Master swordsman Isao Machii is back! This time he’s here to cut a fastball in two.
Documents from the lawsuit over Curt Schilling’s failed attempt to launch his own video game company—dubbed 38 Studios—have been released today in Rhode Island. If you don’t recall 38 Studios, it’s because the company laid off its entire staff and went bankrupt in 2012, despite getting a $75 million loan from the…
Yes, you read that right. Baseball fighting game. Two combatants, two bats, one deadly, deadly ball. Oh, and some of the characters are skateboarding robots.
After losing a game, you might think what this Japanese baseball team did was rather extreme. Then again, you might think this is pretty great.
Recently, the above GIF has been appearing on numerous Japanese sites. Commenters have been criticizing the woman based only on this animated image. But what's going on? Time to delve deeper.
In your time on the internet, you've probably seen a ton of cat videos. Cute ones, funny ones, and jumping ones. But, you know what was missing from them? Taiwanese baseball announcers, that's what.
One of Japan's most popular baseball teams, the Hanshin Tigers, released a new poster that looks exactly like the poster for X-Men: Days of Future Past. That's no accident.
For the second straight year we've gotten a January surprise with regards to baseball video games. And for the second straight year, it only nominally keeps Xbox as a relevant platform for Major League Baseball fans.
We are nearing the 10-year anniversary of the licensing deal that killed MVP Baseball, yet still the game lives on—on PC, even—thanks to "MVP Caribe," a celebration of Latin American baseball that just published its seventh "total conversion" mod.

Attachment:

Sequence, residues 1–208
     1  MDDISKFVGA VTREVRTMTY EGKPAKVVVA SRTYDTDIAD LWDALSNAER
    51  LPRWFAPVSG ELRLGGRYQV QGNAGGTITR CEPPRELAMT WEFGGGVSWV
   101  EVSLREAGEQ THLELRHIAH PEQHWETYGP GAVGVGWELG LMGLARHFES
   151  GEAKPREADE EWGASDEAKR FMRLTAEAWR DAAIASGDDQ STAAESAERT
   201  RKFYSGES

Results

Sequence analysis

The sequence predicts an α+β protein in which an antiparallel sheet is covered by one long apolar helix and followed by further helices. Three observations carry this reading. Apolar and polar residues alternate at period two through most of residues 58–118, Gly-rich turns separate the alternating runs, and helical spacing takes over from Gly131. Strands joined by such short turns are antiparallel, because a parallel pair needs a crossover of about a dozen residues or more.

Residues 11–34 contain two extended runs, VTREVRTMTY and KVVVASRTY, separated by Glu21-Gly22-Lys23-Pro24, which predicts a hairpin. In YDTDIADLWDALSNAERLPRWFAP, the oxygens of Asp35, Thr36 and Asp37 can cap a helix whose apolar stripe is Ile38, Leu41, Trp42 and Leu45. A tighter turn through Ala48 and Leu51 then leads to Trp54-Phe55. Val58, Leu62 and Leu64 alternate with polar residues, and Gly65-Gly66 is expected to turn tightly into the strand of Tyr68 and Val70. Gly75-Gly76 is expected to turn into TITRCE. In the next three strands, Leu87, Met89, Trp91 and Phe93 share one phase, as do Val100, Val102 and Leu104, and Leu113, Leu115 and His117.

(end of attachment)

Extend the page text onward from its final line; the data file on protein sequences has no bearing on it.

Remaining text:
The score was 4 to 3, two outs in the ninth, when I woke up on the couch. No one was on base. "I don't need to see this," I said. "Nah, stick around," Dad said. I had two games that day, the World Series on TV, and Hardball! on my Commodore 64. If the Los Angeles Dodgers didn't win one, I'd make them win the other.
Yesterday a reader sent me a screenshot in MLB 13 The Show of Nick Markakis, the Baltimore outfielder, taking his position at shortstop after pinch-hitting for J.J. Hardy. To a casual fan, it sort of sits there, waiting for you to guess what's wrong. Here's a hint: In real life, Markakis throws lefthanded.
The Dodgers and Dodger fans want Carlos Quentin's ass on a platter but they will not get it. Not until June. But thanks to the magic of video games, and MLB 13 The Show's "The Show Live", you can hit him in every single plate appearance he should have made at Dodger Stadium tonight.
Major League Baseball 2K13 is an offensively recycled product and an embarrassment to sports video games. In my five years as Kotaku's sports writer, I've spent a good deal of time in comments defending the genre, and those who make its games, from the worn-out slur that annual sports titles are nothing but reskinned…
I hope you don't have any fond memories of the Hundred Acre Wood, because they're all about to be replaced with white knuckled frustration when you play Winnie The Pooh Home Run Derby. It's the Disney-produced children's flash game that's so difficult, you just might smash your monitor.
Mark Little flicks the joystick and opens a special developer's menu in Major League Baseball 2K12. The screen jumps to an empty ballpark, with a few lines representing the trajectory of a pitch and the timing of the batter trying to hit it. Little starts fooling with some ratings, creating a situation involving a…